Is your home fireproof?

Private Property South Africa
Press

The recent fires on the Cape’s iconic Table Mountain served as a blazing reminder of what’s at stake to all homeowners who have not yet arranged to insure their home against these kinds of disasters.

“While nobody likes to think that these kinds of traumatic experiences could happen to them, the reality is that everybody remains at risk. The best advice I could offer homeowners is that they regularly update their building and home contents insurance to ensure that they are fully covered in case of a disaster. Many fail to update these policies on a regular basis, which leaves them at risk of being under-insured, as the cost of things appreciate in value over time. So, while the R1 million building insurance policy you took out five years ago might have been ample at the time, it might not be enough to cover the costs of rebuilding today. The same principal applies to home contents insurance,” explains Regional Director and CEO of RE/MAX of Southern Africa, Adrian Goslett.

Beyond getting your insurance policies in order, Goslett suggests that some fireproofing renovations might prove helpful to homeowners who reside in areas that are high-risk fire zones. “The first place to start is in the back garden. In an ideal situation, a smart garden design could prevent a fire from reaching your property. Consider installing paving around the perimeter of your home, making sure to leave as little grass as far removed from your property as possible. Plant shrubbery and vegetation around the boundary walls of your property and avoid creating garden beds alongside the home itself. Most importantly, be sure to regularly remove plant and garden debris from your gutters and your garden beds,” Goslett suggests.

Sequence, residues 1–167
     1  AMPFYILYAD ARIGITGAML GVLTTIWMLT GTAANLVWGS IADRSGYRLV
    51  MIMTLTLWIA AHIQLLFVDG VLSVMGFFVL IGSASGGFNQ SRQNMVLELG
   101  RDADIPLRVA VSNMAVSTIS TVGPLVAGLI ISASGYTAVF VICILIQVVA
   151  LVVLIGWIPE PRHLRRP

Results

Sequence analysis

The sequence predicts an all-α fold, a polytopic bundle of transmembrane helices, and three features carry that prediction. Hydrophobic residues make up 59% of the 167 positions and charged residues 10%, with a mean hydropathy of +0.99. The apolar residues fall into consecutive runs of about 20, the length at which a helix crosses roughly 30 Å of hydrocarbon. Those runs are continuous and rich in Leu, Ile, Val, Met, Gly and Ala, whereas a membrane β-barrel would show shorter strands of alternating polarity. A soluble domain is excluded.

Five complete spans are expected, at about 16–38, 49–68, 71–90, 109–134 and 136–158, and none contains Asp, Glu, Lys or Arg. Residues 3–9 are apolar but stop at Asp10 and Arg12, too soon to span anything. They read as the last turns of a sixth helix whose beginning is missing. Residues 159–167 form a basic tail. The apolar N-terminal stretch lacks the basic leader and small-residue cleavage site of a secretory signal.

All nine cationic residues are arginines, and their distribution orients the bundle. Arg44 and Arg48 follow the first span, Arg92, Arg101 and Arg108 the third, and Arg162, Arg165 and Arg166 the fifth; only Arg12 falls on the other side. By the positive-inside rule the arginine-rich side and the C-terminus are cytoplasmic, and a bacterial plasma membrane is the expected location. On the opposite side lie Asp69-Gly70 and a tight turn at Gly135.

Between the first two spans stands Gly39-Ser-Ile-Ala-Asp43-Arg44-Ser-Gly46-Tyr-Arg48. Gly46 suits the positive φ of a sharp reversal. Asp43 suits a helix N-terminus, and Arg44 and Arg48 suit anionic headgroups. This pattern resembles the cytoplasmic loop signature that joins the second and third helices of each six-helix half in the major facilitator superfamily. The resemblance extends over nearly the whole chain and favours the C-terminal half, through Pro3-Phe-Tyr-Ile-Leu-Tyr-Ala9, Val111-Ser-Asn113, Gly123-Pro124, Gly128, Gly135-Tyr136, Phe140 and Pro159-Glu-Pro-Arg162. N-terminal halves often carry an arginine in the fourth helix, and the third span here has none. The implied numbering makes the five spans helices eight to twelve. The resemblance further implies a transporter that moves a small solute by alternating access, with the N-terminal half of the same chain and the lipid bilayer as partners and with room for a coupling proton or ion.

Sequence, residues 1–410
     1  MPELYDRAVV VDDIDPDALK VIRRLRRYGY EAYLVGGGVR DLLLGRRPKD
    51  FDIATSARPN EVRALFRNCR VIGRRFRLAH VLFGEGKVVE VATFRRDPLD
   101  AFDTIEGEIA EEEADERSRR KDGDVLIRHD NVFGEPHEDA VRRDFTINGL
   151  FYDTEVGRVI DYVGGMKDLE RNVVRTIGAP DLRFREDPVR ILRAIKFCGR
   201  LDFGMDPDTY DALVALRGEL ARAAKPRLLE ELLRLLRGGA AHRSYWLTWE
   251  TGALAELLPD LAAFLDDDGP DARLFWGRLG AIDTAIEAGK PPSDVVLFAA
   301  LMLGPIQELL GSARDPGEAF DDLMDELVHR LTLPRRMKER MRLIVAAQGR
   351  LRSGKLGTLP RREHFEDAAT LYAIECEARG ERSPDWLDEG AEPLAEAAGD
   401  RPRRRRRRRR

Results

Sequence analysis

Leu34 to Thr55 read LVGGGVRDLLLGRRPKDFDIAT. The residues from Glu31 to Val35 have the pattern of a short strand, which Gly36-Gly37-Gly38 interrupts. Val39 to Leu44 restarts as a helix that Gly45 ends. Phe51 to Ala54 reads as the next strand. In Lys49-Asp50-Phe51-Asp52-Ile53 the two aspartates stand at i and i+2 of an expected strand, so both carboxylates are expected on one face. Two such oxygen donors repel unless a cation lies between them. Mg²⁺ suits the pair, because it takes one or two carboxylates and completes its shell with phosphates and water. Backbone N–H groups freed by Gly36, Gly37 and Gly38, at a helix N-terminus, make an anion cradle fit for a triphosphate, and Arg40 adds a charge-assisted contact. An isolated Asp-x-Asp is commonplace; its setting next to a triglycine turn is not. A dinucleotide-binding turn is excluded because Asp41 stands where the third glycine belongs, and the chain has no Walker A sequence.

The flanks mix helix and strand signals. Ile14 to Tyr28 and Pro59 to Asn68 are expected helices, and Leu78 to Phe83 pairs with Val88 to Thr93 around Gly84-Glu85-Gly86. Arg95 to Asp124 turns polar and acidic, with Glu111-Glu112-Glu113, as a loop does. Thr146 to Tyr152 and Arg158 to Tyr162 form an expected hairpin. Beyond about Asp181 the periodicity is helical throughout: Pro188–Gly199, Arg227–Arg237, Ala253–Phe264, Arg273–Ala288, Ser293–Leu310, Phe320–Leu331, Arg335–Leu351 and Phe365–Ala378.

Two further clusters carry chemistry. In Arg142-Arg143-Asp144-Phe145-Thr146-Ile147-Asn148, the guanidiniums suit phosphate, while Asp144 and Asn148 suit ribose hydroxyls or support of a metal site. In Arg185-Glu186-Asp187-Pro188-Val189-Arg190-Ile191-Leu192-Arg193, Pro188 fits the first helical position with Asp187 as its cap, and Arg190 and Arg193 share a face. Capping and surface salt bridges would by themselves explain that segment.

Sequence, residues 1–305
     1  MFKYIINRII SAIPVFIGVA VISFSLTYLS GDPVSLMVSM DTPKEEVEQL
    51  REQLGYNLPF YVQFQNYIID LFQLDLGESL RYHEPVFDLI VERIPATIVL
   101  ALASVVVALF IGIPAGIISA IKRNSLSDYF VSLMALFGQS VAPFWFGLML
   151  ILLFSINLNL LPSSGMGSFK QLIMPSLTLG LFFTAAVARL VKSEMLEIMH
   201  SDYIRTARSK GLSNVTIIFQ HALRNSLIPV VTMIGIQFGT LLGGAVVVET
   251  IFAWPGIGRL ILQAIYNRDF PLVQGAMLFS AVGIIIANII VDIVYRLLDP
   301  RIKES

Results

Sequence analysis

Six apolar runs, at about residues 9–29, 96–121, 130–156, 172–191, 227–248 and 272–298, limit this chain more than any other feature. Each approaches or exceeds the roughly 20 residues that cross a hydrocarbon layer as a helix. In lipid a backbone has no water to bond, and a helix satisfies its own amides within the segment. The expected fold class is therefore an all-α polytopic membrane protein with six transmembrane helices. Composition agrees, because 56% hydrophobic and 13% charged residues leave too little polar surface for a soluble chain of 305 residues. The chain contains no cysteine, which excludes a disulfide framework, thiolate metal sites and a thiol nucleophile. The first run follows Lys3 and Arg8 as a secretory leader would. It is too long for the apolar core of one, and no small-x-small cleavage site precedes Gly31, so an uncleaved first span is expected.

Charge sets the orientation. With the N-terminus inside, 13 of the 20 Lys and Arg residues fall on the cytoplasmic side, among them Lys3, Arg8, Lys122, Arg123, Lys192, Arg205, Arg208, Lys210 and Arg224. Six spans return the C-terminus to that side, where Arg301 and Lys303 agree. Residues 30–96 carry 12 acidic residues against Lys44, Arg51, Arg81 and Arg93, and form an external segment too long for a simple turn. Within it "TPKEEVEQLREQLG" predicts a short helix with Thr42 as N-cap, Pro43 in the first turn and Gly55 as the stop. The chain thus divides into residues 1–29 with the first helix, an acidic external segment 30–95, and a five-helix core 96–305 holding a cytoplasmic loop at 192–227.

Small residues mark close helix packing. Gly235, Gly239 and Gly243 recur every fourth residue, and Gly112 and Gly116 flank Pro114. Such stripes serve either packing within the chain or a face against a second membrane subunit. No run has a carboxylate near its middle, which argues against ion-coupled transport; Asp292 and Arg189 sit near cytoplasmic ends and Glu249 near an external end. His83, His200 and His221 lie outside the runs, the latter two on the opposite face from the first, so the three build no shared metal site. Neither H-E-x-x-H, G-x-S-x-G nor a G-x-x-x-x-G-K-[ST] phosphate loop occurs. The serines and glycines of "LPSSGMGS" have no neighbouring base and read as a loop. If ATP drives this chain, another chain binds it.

Read more: Common household chemicals that are a fire safety risk

The next step Goslett recommends is to ensure that fire-resistant or -retardant building materials have been used on the structure of the home. There are fire-resistant paints that can be applied, thatch roofing or wooden / laminated roof shingles can be replaced with metal or tiled roofs, and wooden doors and windows can be replaced with aluminium doors and windows.

Lastly, Goslett advises that all relevant safety precaution measures are fitted, such as fire extinguishers, smoke detectors, and possibly even fire sprinkler systems. “Not only will this protect the home itself, but it will also increase the resale value of the property when it eventually becomes time to sell,” Goslett explains.

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